GHS launches new Men's Health Center to encourage men to go see - FOX Carolina 21

GHS launches new Men's Health Center to encourage men to go see a doctor

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Johnny Payne, prostate cancer survivor, encourages men to make doctor's appointments. (FOX Carolina/ June 23, 2016) Johnny Payne, prostate cancer survivor, encourages men to make doctor's appointments. (FOX Carolina/ June 23, 2016)
GREENVILLE, SC (FOX Carolina) -

When Johnny Payne first heard the word cancer, it shocked him.

"I had two tumors- I learned when I got my biopsy. And more than likely I may not be here today," Johnny Payne said. He found out at a health fair during a prostate screening sponsored by an employer.

"No symptoms, no symptoms at all. And that's one there issues with prostate cancer- many, many times especially in its early stages," he said.

And like many men, before he received his diagnosis he didn't go to a doctor as often as he should have.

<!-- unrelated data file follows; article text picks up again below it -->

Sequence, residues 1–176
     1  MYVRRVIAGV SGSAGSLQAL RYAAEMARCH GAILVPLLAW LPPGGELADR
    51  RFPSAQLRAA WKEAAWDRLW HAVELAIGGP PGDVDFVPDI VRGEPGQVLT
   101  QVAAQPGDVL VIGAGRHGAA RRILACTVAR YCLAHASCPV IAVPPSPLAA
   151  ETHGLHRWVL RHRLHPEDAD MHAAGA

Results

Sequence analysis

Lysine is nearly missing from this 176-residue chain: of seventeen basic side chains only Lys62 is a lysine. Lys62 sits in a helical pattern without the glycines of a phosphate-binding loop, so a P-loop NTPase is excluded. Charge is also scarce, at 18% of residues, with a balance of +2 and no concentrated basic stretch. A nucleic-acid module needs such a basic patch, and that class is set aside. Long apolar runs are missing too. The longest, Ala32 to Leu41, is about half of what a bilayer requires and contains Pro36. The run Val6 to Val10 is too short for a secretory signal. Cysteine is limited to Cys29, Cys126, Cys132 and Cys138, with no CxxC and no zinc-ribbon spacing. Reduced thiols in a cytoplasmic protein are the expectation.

"I had a very aggressive form of cancer we learned later. We don't want to go to the doctor. I think it's part of being macho, part of being- we're afraid," Payne said.

And now doctors with the Greenville Health System are trying to change that.

"Men use the healthcare system at only 1/3 the rate of women," said Dr. William Flanagan, the director of the Men's Health Center at the Greenville Health System Regional Urology Center.

"Men don't get the care they need when they need it," he said.

So, there now a day setup just for men when doctors will only see male patients for a period of time.

"Our focus on this day where were devoted to men's health is not just to look at the urology, but to look at how it affects other thinks like heart disease, high blood pressure, diabetes," Flanagan said.

He believes men will feel more comfortable to talk about health concerns on their doctor day.

"Prostate cancer is a perfect example of situations where if we see you sooner, we can help you," Flanagan said.

And Payne turned his diagnosis into and advocacy to help others and leads a prostate cancer support group. "I'm encouraging men to speak out. I let them know it's OK," Payne said.

Men's Day at the GHS Men's Health Center will be held every third and fourth Thursday of the month. Doctors will see male patients from 8 a.m. until 12 p.m. Doctors say patients don't have to be referred by their primary doctors, but they do need to make appointments. Doctors say new patients are also welcomed.

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